A Practical Guide for Staff and Faculty
- Any overt expression of thought or intent to harm self or others, including pets
- Change in demeanor…student is more quiet or more aggressive, mood appears sad, "low," irritable, agitated, anxious or restless
- Negative change in quality of work or performance in class, on assignments, in athletics or other types of performance
- Missed assignments or appointments
- Disorganized or erratic performance that is uncharacteristic of the student
- Essays, art or other creative work that contains themes of hopelessness, social isolation, rage, despair
- Deterioration of physical appearance or personal hygiene
- Excessive fatigue, diminished or greatly increased appetite (visible changes in weight)
- Change in sleeping patterns
- Appearing bleary-eyed or smelling of alcohol/drugs
- Direct statements indicating distress, family problems or other difficulties
- Unprovoked anger or hostility
- Irritability or constant anxiety
- More withdrawn or more energetic than usual
- Persistent sadness or tearfulness
- Expressions of hopelessness or worthlessness.
"At Risk" Factors
- Essays or papers that focus on despair, suicide or death
- Statements to the effect that student is "going away for a long time"
- Giving away possessions
- Severe depression
- Self-injurious or self-destructive behavior
- Other behavior that appears out of control
Other Factors to Consider
- Drop in grades/GPA
- Personal losses: e.g., death of family member, loved one; break-up of a relationship
- Failures in class, athletics or other types of performance; rejection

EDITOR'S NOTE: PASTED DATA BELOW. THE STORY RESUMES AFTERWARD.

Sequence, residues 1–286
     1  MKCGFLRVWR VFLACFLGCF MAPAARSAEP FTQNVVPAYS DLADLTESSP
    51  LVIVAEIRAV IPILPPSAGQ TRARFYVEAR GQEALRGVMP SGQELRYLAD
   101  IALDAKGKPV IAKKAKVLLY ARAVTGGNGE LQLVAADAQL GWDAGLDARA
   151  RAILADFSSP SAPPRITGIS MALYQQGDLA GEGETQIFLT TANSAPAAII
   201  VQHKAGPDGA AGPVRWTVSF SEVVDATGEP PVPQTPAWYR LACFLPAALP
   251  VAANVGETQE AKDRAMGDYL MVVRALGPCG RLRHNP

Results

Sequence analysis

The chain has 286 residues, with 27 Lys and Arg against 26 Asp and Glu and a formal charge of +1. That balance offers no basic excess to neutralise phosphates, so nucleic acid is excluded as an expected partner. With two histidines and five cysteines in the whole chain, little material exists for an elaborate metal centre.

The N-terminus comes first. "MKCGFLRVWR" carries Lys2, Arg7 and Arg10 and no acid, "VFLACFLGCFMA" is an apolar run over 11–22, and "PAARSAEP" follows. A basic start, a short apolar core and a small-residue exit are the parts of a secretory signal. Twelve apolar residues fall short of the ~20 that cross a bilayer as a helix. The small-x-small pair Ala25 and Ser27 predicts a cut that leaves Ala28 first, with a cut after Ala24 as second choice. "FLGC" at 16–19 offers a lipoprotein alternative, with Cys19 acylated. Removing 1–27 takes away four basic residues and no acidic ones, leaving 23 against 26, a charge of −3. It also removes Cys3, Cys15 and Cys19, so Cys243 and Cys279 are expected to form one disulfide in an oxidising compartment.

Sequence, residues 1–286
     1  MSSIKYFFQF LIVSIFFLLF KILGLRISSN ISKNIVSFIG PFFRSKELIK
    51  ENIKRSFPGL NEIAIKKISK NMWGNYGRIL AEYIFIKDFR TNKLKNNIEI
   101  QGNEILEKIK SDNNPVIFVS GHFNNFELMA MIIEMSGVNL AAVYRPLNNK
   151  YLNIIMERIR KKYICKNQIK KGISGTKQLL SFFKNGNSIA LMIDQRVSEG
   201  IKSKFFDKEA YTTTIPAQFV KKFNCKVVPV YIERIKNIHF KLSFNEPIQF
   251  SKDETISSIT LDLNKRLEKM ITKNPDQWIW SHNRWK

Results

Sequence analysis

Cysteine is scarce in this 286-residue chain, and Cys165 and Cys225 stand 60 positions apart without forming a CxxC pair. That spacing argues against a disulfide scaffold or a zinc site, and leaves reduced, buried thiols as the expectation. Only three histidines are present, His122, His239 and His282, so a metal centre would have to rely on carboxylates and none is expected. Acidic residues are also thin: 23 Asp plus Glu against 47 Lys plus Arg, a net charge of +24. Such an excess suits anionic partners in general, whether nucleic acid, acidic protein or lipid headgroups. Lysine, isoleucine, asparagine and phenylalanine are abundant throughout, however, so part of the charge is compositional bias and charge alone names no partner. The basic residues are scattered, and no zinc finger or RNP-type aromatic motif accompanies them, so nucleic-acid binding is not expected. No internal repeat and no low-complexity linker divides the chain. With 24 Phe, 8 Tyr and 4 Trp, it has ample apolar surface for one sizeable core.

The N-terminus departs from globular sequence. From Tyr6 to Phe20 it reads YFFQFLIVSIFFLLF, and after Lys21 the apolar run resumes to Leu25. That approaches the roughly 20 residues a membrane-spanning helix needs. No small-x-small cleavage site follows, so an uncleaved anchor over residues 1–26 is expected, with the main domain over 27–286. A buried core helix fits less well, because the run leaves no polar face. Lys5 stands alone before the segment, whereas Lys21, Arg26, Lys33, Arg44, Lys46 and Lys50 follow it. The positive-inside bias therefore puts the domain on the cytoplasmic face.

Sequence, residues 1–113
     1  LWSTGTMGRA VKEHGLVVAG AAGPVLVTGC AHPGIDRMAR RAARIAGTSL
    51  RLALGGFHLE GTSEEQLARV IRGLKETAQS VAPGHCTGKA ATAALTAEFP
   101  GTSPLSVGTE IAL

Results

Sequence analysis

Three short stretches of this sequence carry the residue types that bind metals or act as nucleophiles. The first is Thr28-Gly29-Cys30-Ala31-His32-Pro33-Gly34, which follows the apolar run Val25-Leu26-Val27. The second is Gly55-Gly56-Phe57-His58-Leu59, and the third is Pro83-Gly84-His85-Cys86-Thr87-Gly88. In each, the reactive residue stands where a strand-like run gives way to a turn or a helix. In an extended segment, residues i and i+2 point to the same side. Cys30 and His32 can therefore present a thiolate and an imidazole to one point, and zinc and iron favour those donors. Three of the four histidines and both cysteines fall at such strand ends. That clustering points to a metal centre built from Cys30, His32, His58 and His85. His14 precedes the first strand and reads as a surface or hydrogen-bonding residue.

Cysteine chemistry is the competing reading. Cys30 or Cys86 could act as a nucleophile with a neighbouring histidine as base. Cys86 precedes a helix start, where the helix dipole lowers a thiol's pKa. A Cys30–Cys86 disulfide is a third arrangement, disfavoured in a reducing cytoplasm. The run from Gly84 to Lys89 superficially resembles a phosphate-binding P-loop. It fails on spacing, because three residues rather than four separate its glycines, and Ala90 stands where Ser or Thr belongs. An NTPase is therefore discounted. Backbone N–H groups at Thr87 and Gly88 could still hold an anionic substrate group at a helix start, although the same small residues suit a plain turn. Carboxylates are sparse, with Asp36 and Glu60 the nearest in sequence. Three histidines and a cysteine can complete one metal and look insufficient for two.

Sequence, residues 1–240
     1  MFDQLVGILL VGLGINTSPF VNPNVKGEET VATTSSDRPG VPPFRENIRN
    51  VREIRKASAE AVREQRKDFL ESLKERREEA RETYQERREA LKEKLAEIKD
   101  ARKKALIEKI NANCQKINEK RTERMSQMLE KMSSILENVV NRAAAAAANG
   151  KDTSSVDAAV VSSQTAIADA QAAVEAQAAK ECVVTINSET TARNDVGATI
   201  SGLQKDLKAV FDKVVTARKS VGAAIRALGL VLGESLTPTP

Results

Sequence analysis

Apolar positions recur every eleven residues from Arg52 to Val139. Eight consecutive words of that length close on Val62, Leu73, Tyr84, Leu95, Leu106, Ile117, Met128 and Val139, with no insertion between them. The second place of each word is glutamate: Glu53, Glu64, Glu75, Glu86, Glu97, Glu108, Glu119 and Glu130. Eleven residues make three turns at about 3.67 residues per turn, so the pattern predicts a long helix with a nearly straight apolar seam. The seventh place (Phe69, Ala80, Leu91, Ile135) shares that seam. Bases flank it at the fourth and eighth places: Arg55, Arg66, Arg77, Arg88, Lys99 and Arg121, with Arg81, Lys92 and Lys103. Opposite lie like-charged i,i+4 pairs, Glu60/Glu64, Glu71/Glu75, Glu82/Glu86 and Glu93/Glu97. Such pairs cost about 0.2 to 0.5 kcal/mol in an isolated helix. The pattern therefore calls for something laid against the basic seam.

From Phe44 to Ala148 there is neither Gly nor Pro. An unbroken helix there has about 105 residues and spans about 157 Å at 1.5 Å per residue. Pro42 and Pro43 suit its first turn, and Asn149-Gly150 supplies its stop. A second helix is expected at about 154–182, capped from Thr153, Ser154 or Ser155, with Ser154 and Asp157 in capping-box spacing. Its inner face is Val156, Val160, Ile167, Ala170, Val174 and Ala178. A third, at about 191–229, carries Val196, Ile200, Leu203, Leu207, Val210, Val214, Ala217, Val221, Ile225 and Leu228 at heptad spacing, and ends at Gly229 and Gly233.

- Expressions of concern about a student by peers
- Your own hunch or 'gut' reaction that something is wrong
What to Do
Make contact: Tell the student you need to see him or her; talk with the student in person.
Calmly express your concern; tell the student you are worried and why.
- "In your essay, you write about death and dying. It seems to me that you've looked sad lately. I wanted to check in with you and see if everything's OK."
- "You haven't seemed yourself lately. You've been missing class (assignments) and I wondered if there's something getting in the way of your being here (completing the homework)."
- "This is really a difficult time for you. WE can figure this out. WE can get some help from a counselor who knows more about this. Let's walk down there together (phone the Counseling Center). I think they'll be able to help."
Be aware of your role and what you can do to help the student. For example, you can express your concern. You can listen and be supportive, help with decision-making and make referrals.
Be aware of your limitations. You are faculty/staff and you do not have to assume the role of counselor. You can let the student know that you care and will, therefore, make the referral to counseling.